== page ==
There seems to be a possibility that this is a device that can simplify computing, making it less confusing, more accessible, and more appealing to a wide audience. It's certainly going to be a great device for browsing Facebook, particularly as it's hard to imagine that the company won't launch a custom iPad app day one. (Still, Facebook games might not benefit -- the demo device, like iPhone, didn't do Flash.)
If that happens, this might appeal to entirely new consumers: people who just want the web and a bit more, delivered in the most convenient way possible. Who can't stand a soft keyboard for only 140 characters? After all, it's been reported that the iPhone is already gaining traction as a primary internet device for many, as surprising as that might sound to anyone who's seated in front of a PC right now.
Thanks to the iPhone and iPod Touch, says Jobs, "There are over 75 million people that already know how to use the iPad." That may be true, but will they want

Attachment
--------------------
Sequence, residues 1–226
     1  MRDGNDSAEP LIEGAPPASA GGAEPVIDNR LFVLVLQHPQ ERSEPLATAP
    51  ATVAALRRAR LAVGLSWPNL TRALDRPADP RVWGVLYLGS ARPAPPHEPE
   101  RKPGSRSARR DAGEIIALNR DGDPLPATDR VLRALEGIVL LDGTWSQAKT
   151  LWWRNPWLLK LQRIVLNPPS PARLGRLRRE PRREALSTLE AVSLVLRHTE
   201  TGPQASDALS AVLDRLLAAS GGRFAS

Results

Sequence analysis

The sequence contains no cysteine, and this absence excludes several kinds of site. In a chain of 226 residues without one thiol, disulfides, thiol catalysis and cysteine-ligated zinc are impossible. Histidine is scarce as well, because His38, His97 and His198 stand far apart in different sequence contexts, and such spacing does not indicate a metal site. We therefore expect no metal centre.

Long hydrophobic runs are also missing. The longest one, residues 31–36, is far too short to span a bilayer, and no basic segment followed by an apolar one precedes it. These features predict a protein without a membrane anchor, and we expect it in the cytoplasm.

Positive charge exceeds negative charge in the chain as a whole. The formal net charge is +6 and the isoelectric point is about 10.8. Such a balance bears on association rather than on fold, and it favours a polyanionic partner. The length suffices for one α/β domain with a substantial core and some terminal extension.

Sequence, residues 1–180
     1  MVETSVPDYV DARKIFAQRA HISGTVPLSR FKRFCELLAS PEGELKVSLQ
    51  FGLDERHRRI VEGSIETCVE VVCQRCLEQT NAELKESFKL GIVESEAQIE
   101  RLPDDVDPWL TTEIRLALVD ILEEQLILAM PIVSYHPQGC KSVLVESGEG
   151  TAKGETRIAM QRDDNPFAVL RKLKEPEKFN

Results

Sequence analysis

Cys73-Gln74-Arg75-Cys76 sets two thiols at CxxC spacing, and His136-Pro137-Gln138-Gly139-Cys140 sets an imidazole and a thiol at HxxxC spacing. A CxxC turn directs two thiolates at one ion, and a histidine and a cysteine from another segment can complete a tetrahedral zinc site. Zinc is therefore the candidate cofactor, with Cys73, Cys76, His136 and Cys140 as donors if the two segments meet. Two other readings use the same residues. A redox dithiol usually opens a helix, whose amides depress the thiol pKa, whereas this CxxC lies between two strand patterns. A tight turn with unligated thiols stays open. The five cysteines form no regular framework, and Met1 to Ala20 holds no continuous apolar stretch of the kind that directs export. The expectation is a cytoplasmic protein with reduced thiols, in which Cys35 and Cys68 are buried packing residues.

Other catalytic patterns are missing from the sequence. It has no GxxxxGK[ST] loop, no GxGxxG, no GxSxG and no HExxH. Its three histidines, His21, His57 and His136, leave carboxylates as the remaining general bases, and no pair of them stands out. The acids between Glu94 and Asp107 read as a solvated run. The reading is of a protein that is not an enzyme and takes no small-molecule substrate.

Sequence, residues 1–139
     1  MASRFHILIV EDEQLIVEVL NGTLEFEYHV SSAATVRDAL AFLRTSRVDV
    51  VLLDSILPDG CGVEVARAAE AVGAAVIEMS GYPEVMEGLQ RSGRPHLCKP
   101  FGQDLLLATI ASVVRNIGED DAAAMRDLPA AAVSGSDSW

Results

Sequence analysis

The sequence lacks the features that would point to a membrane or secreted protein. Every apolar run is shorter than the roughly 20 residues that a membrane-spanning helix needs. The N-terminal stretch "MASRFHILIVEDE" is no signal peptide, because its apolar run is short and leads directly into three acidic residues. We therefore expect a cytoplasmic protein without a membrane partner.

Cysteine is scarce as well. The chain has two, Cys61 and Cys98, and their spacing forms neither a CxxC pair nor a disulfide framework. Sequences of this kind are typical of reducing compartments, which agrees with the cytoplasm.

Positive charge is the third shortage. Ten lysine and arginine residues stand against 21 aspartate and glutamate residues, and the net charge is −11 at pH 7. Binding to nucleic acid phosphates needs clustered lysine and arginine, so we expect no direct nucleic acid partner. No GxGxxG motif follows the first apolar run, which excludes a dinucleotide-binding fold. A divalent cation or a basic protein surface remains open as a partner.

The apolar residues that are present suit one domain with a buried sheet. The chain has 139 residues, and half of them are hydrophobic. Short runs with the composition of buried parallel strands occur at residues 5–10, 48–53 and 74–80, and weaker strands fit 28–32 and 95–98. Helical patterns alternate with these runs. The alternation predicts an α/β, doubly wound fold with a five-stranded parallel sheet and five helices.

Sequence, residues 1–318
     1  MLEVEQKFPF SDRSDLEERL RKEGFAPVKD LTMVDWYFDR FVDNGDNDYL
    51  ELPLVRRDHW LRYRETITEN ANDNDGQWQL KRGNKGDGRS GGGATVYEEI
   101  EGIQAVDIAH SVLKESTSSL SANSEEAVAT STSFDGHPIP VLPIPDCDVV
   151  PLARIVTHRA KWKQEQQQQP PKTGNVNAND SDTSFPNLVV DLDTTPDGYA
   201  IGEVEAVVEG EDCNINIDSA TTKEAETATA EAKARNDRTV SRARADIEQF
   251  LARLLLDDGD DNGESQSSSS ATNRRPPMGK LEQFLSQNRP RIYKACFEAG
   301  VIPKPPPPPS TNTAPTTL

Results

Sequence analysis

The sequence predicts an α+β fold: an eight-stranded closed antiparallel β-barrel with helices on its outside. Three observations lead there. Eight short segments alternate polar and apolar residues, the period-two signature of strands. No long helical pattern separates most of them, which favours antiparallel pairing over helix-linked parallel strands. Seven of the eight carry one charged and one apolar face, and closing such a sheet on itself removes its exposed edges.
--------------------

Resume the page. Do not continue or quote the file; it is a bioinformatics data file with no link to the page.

to use the iPad? Can they afford
the iPad? For many, gaming is still incidental to the primary telephony and browsing functions of the iPhone. What's the primary function of the iPad? When that gets defined -- and marketing is part of that, so Apple's got to take point here -- that will help us know whether gaming will have a big place on this new device.
It's hard to suggest to developers to take a "wait and see" approach when the clock is always ticking on time and money, particularly for indies. There's no doubt that there's a killer app to be made, and a ton of competition out there who will be trying to make it.
At the same time, the device's future seems a lot murkier than the iPhone or iPod. The iPhone made smartphones essential to a huge number of people, and gaming came along for the ride -- and got so compelling Apple realized it would help drive the device into more hands. It's hard to think of the iPad as "essential" to anybody right now. But there's a chance it may catch the wave of a new audience that doesn't want a full-fledged PC. If ever a device had that chance, it may be this one. And those people, like any, will certainly want a chance to play games.